Sports minister Hugh Robertson has questioned the Football Association council's decision to dump David Bernstein as chairman in the middle of its 150th anniversary celebrations.
Bernstein will leave in July after falling foul of a new rule obliging board members to step down once they reach the age of 70 - and failing to convince the FA council to allow him to extend his term.
Robertson, who one week before Bernstein took over in 2010 described football as "without a shadow of a doubt the worst governed sport in the country", warned it is going to have a tough task in finding a successor of the same calibre. Robertson said: "David Bernstein is recognised as being a really good chairman of the FA."
Robertson, speaking at the launch of the FA's 150th anniversary celebrations, added: "People find it hard to understand why you have a good chairman who is respected and you lose him in the middle of your 150th year. I've been asked by significant figures internationally how that has been allowed to happen.
"In all honesty, a part of this appears to be that he was a reform-minded chairman. Nobody can think it is a sensible idea to change the chairman in the middle of that celebration."
Robertson says the FA are no longer the worst governing body and pointed out Bernstein had been chairman of a FTSE 100 company, a former club chairman [at Manchester City] and had also been a successful chairman of Wembley Stadium.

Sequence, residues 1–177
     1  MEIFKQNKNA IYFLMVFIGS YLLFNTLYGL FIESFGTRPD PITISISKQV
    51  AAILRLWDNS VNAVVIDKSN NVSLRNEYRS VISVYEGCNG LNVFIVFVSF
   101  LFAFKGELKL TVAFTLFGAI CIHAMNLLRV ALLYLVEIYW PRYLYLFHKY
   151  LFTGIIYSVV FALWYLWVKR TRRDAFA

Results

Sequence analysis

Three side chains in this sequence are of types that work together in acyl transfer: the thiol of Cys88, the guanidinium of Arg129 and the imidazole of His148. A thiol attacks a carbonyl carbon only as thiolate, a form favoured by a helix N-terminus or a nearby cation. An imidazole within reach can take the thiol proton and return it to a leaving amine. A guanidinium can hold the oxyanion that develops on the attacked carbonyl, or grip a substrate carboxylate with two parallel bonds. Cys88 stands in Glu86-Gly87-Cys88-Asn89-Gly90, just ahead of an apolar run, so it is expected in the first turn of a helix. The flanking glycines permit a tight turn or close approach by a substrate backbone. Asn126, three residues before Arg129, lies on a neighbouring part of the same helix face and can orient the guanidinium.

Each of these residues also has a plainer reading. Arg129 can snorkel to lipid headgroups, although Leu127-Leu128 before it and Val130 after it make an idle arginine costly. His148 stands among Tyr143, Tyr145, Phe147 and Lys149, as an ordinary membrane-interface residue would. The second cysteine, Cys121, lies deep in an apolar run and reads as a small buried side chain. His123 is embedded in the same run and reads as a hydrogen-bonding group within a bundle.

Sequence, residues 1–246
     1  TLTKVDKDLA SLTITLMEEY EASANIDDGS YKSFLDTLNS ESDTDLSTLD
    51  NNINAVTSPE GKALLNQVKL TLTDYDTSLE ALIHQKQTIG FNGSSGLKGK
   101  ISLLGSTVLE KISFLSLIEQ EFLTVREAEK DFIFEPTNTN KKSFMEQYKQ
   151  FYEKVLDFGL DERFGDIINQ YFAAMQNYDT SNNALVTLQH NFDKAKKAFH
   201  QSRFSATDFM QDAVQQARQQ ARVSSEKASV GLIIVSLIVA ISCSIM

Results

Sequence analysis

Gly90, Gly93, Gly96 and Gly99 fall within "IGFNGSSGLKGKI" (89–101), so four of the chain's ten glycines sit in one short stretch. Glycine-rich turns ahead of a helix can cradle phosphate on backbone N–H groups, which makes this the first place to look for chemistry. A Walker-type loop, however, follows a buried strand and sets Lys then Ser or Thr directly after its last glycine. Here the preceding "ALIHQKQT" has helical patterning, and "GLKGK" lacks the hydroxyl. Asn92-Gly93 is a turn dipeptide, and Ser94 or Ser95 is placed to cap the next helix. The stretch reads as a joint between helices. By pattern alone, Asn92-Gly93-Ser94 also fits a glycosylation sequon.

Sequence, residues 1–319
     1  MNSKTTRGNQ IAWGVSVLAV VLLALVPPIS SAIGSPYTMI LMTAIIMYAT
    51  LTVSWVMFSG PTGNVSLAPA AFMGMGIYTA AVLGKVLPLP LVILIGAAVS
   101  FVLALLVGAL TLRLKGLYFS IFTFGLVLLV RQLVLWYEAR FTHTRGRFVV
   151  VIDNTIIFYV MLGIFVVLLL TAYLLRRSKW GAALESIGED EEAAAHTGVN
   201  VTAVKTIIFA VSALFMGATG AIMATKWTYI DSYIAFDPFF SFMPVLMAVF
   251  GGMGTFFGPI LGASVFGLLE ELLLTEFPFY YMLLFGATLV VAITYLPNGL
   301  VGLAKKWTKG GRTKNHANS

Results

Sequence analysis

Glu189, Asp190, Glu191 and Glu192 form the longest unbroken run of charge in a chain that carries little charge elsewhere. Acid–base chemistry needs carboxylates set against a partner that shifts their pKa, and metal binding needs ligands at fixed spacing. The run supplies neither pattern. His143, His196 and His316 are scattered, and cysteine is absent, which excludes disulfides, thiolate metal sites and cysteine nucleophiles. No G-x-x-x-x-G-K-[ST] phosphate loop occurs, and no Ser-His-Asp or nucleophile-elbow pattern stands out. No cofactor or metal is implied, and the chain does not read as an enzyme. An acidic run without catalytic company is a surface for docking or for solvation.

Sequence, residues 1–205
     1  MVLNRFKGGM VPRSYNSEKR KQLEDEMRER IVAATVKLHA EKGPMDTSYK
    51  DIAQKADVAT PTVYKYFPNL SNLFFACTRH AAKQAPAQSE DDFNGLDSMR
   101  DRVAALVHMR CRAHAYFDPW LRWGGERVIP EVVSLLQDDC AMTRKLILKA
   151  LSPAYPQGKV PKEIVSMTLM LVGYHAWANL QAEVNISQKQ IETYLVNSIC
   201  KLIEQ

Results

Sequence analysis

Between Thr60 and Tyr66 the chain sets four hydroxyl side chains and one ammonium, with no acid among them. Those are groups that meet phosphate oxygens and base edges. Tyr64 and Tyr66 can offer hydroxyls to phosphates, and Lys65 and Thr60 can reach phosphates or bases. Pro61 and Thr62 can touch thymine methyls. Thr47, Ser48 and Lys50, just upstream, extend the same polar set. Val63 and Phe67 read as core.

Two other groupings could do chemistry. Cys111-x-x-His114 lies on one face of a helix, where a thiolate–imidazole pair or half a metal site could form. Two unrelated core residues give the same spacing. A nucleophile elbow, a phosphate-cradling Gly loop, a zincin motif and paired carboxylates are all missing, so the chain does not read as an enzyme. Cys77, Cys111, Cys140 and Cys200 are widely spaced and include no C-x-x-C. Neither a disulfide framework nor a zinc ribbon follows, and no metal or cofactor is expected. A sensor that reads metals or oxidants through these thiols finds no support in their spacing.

The minister added: "He had everything you would want and I think he's done really well. If you ask me about the great improvements since 2010 a lot is down to David Bernstein.
"I don't think you are going to find another David Bernstein in a hurry. He's been exceptional. It's a very difficult job. You need a mix of skills.
"He had a pretty unique set of skills. There are some good candidates out there that will have a go but he's going to be a hard act to follow.
"Put yourself in [UEFA president] Michel Platini's position - he's given England the Champions League final again, he has a relationship with Bernstein which has not always been the case with FA chairmen, he's somebody he likes, trusts and rates and suddenly he's plucked out in the middle of the 150th year."